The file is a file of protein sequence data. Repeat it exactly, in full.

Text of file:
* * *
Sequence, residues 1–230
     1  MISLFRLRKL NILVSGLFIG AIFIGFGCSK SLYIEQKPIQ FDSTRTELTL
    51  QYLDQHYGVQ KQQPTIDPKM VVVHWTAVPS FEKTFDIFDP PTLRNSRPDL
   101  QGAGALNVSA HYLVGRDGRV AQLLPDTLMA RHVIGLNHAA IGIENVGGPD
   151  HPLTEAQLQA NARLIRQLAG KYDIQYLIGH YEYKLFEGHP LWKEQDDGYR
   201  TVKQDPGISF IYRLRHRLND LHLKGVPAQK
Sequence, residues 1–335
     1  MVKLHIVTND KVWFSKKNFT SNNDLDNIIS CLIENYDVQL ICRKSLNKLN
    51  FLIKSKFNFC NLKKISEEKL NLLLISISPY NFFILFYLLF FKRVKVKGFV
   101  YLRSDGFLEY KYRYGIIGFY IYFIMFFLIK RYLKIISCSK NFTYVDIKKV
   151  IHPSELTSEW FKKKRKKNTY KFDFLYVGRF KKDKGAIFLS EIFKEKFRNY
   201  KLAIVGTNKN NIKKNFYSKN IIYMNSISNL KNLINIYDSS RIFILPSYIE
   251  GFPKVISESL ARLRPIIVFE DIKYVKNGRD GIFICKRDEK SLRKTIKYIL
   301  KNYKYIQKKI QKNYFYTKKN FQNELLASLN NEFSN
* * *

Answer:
Sequence, residues 1–230
     1  MISLFRLRKL NILVSGLFIG AIFIGFGCSK SLYIEQKPIQ FDSTRTELTL
    51  QYLDQHYGVQ KQQPTIDPKM VVVHWTAVPS FEKTFDIFDP PTLRNSRPDL
   101  QGAGALNVSA HYLVGRDGRV AQLLPDTLMA RHVIGLNHAA IGIENVGGPD
   151  HPLTEAQLQA NARLIRQLAG KYDIQYLIGH YEYKLFEGHP LWKEQDDGYR
   201  TVKQDPGISF IYRLRHRLND LHLKGVPAQK
Sequence, residues 1–335
     1  MVKLHIVTND KVWFSKKNFT SNNDLDNIIS CLIENYDVQL ICRKSLNKLN
    51  FLIKSKFNFC NLKKISEEKL NLLLISISPY NFFILFYLLF FKRVKVKGFV
   101  YLRSDGFLEY KYRYGIIGFY IYFIMFFLIK RYLKIISCSK NFTYVDIKKV
   151  IHPSELTSEW FKKKRKKNTY KFDFLYVGRF KKDKGAIFLS EIFKEKFRNY
   201  KLAIVGTNKN NIKKNFYSKN IIYMNSISNL KNLINIYDSS RIFILPSYIE
   251  GFPKVISESL ARLRPIIVFE DIKYVKNGRD GIFICKRDEK SLRKTIKYIL
   301  KNYKYIQKKI QKNYFYTKKN FQNELLASLN NEFSN